public and institutional risk factors that influence how coroners and
investigators determine which deaths require investigation, public
inquest or remedial legislation.
- Leah Levac (Interdisciplinary, University of New Brunswick) is
researching how adolescent women can become community leaders against
negative social conditions, such as income inequality and illiteracy,
which can negatively impact their health.
- Jason Morris-Jung (Environmental Studies, University of California,
Berkeley) is currently researching the social and political struggles
over natural resources and environmental conservation in Southeast
- Emily Paddon (International Relations, University of Oxford) studies
UN-authorized intervention around the world and how UN forces can both
thwart belligerents and protect civilians.
- Geneviève Pagé (Social Work, Université de Montréal) focuses on the
relationship between parents who adopt children in youth protection
and foster care situations.
- Kate Parizeau (Geography, Environment & Health, University of Toronto)
investigates the environmental and health risks directed at waste
collection workers in Buenos Aires during such tasks as curbside waste
gathering and recycling.
(Full biographical information and photos are available upon request.)
"The 2007 Trudeau Scholars have already amassed an impressive level of
academic success, and our hope is that these prizes will help them realize
their potential to become leading national and international figures in their
areas of expertise," said P.-G. Forest, President of the Trudeau Foundation.
Created in 2003, the Trudeau Foundation Scholarship programme awards
doctoral scholarships in the social sciences and humanities to Canadian
citizens and landed immigrants pursuing full-time doctoral studies in Canada,
and exceptionally to Canadians pursuing full-time doctoral studies at foreign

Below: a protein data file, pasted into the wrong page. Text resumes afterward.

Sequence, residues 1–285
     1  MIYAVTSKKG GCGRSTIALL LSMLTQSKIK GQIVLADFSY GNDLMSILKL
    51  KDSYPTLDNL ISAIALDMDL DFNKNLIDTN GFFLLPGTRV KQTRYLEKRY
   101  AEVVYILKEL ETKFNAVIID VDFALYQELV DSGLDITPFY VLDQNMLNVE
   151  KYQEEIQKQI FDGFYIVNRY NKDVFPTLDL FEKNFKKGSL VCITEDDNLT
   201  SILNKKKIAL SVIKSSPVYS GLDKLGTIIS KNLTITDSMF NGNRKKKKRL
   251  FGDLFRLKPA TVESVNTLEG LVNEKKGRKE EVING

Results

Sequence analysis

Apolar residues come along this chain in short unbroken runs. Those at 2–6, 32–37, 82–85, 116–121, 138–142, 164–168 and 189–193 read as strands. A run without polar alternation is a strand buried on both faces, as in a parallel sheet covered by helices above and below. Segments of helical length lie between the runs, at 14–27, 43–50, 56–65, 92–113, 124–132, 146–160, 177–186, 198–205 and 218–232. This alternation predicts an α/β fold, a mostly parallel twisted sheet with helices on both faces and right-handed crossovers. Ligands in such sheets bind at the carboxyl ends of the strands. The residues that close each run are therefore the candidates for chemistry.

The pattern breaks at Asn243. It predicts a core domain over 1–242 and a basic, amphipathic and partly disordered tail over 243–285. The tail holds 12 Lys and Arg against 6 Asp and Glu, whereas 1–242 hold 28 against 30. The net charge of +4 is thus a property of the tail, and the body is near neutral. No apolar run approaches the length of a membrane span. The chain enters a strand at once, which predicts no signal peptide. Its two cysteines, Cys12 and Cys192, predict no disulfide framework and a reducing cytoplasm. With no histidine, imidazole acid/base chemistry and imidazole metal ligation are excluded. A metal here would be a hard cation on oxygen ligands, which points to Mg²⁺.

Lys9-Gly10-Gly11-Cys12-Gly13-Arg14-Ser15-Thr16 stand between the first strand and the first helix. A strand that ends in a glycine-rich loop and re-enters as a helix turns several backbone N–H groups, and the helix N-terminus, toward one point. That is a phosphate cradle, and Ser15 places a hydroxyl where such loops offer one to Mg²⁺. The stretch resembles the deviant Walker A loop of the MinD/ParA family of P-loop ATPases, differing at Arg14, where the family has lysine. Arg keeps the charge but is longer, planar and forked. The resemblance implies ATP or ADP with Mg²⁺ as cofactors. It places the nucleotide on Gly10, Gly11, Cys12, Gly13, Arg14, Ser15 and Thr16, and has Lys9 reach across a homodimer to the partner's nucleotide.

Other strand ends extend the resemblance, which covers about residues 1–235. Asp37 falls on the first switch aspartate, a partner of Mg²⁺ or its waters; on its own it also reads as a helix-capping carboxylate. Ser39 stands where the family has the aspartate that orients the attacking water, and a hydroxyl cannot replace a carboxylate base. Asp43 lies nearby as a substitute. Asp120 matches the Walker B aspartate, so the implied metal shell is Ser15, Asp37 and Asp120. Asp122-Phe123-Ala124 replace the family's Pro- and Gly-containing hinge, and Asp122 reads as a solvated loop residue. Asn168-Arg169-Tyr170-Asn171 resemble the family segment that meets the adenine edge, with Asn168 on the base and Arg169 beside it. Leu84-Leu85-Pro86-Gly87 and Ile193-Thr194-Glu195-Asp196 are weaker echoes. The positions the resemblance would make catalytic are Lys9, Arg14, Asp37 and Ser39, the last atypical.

institutions. The Foundation annually awards up to 15 exceptional students
$35,000 per year for three years, plus up to an additional $15,000 annually
each to support research-related travel. Trudeau Scholars are each paired with
a Trudeau Mentor, an outstanding professional who pursues policy analysis and
implementation in his or her daily work.
About the Trudeau Foundation
The Pierre Elliott Trudeau Foundation funds outstanding scholars who
conduct research in crucial societal issues, and creates opportunities for
dialogue and multidisciplinary collaboration across organizations and
disciplines under four key themes: Human Rights and Social Justice,
Responsible Citizenship, Canada and the World, and Humans in their Natural
Environment. Since being established in 2002, the Foundation has granted over
100 major awards to top researchers and highly accomplished individuals, in
Canada and abroad. For more information visit www.trudeaufoundation.ca.
For further information:
For further information: Catharine Marion/Josh Cobden (English),
Environics Communications, (416) 920-9000; Alida Alepian/Yvon Desautels
(French), Capital-Image, (514) 739-1188